My only complaint with this disc is that because it is nonanamorphic, widescreen owners will be forced to either watch it windowboxed or cropped to full screen, which cuts off the optional subtitles, which I found necessary to understand some of the dialogue.

Image Transfer Grade: A-


Audio Transfer

 LanguageRemote Access

Audio Transfer Review: The film soundtrack was mastered off the original optical tracks, and is presented in single channel mono. For the most part, it is well rendered, with minimal hiss and only very mild distortion is some of the more raucous church choir sequences. Any defects in the audio are source related. I did find that dialogue was sometimes undefined, and required the use of the subtitle track, especially in exchanges between Ivan and José, whose accents are quite thick, and whose dialogue is unusual for a northern boy such as myself.

Audio Transfer Grade: A-


Disc Extras

Static menu
Scene Access with 0 cues and remote access
Subtitles/Captions in English with remote access
Cast and Crew Biographies
Cast and Crew Filmographies
Production Notes
1 Featurette(s)
1 Feature/Episode commentary by director Perry Henzell and musician/actor Jimmy Cliff
Packaging: Amaray
Picture Disc
1 Disc
1-Sided disc(s)
Layers: RSDL
Layers Switch: 01h:05m:24s

Extra Extras:
  1. Interview with Island Records president Chris Blackwell
  2. Color bars
Extras Review: Once again, Criterion impresses with their choice of supplemental material, which while not overwhelming on this release, are very well suited to it. First, we get a commentary track by director Perry Henzell and singer/songwriter/actor Jimmy Cliff. Edited from solo commentaries, both Henzell and Cliff cover a lot of ground about the film, from the music to the political climate in Jamaica, and the drug business that underscores the film. The social commentary is extremely informative, and supports the importance the film played in Jamaican history. There is some technical information covered, but the majority is on a more personal level about the influences for the film, and the influence it had.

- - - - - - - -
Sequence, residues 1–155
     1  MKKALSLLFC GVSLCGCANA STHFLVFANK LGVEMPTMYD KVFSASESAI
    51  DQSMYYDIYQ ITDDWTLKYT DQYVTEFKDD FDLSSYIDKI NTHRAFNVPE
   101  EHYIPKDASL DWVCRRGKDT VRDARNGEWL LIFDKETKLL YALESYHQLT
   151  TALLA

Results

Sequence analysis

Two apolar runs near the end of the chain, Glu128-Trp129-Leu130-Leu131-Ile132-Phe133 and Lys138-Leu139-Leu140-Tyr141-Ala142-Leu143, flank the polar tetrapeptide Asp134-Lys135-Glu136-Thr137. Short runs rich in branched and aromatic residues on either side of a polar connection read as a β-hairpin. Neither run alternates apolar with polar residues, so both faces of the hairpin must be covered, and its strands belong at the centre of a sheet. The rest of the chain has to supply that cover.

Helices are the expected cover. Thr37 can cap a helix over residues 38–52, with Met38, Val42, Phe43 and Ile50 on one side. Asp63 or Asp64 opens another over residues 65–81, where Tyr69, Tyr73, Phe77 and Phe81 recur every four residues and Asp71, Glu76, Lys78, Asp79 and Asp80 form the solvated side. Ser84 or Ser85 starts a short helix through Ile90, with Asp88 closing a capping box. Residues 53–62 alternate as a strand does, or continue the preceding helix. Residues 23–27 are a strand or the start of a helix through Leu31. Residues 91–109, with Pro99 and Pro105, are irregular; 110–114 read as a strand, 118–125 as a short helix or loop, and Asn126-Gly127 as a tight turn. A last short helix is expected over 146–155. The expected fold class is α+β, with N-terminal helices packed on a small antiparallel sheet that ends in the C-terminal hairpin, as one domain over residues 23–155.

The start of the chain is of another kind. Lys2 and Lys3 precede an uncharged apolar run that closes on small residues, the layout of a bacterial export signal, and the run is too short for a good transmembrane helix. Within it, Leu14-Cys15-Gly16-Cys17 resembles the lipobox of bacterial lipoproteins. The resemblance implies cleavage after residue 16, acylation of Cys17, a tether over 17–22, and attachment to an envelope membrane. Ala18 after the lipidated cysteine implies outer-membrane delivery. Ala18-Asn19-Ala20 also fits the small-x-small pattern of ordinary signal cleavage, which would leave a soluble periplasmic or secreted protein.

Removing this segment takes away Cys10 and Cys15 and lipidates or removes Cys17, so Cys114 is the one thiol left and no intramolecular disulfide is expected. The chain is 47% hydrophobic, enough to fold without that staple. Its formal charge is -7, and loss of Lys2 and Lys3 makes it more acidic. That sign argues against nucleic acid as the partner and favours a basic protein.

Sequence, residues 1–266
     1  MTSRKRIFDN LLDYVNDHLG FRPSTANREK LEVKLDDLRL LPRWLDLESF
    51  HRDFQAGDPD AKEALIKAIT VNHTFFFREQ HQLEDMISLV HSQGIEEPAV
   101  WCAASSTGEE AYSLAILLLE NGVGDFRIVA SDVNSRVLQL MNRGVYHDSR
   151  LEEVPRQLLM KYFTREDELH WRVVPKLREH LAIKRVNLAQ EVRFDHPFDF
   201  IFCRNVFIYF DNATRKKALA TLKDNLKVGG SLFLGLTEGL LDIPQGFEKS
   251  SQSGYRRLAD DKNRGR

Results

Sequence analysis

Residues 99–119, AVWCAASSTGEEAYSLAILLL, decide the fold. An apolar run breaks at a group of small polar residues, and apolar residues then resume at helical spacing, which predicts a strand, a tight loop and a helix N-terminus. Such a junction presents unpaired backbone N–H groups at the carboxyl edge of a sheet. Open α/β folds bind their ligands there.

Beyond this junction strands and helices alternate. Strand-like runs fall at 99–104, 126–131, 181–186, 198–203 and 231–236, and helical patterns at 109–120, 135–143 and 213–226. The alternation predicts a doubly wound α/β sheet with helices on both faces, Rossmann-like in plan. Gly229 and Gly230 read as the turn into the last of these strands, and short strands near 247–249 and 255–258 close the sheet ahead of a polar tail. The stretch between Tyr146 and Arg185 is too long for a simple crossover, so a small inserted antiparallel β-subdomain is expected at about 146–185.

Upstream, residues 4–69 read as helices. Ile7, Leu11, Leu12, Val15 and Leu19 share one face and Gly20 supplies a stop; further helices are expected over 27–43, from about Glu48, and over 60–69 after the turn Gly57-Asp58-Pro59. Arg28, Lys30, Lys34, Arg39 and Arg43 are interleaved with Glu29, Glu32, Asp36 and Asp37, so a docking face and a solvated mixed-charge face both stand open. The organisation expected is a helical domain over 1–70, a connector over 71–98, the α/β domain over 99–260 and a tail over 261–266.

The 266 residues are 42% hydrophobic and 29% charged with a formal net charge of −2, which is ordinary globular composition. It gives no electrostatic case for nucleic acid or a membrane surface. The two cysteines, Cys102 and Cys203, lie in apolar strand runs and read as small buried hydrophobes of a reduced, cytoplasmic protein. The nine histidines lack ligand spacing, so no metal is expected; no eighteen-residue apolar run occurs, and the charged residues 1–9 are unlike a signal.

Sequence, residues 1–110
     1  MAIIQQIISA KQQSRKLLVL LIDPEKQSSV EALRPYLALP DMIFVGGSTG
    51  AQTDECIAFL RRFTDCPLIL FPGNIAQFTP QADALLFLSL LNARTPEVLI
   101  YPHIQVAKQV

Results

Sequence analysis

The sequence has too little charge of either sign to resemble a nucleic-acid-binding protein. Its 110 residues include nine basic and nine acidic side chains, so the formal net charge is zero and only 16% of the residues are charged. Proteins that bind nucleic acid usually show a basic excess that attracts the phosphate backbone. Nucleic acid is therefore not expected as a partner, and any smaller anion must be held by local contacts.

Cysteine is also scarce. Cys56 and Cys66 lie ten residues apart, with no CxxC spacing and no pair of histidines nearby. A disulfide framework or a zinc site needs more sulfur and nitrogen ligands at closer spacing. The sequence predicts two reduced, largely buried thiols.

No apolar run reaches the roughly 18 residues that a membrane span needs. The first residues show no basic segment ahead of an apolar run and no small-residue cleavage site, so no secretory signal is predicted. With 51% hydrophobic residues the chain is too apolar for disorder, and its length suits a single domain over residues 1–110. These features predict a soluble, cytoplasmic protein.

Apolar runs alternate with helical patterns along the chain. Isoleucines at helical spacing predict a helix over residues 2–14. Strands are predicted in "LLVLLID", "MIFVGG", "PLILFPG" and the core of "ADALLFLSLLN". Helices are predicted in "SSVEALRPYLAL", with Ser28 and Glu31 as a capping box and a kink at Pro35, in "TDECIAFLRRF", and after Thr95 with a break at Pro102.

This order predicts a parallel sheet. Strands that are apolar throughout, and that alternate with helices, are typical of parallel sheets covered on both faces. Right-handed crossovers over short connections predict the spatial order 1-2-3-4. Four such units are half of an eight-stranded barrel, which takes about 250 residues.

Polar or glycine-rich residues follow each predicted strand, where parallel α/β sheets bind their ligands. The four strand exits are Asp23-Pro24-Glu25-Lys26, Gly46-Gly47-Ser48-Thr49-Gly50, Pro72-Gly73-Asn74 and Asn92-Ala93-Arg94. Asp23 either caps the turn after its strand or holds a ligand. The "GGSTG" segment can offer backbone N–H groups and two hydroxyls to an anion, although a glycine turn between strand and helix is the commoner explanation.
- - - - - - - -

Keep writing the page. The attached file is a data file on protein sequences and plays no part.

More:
Next, we have a recent 10-minute interview with Chris Blackwell, head of Island Records, the company responsible for distributing the film's soundtrack. Blackwell gives an interesting account of the rise in popularity of reggae music, which he attributes primarily to the soundtrack for The Harder They Come. A very suitable addition, which also includes an extensive biography on Blackwell as well.

We also get a section with biographical information and discographies of the musical artists featured in the film. While the discographies are noted as "select", they are very extensive nonetheless.

Criterion's standard color bars round out the on disc supplements, and the trifold booklet also features more background on the film and its influence.

Extras Grade: B


Final Comments

Since this film was released when I was very young, and the subject matter had never really drawn my attention, I wasn't expecting to enjoy the film as much as I did. Loosly based on a real life character, The Harder They Come is a gripping film and has been extremely influential musically. Criterion has once again supplemented the feature with worthy additions that really enhance the enjoyment and appreciation of the film. While not for everyone, I would still give this a healthy recommendation, and any musician, regardless of their individual style, should especially make an effort to see this fine disc. I would warn you though that the soundtrack may haunt you for days afterwards....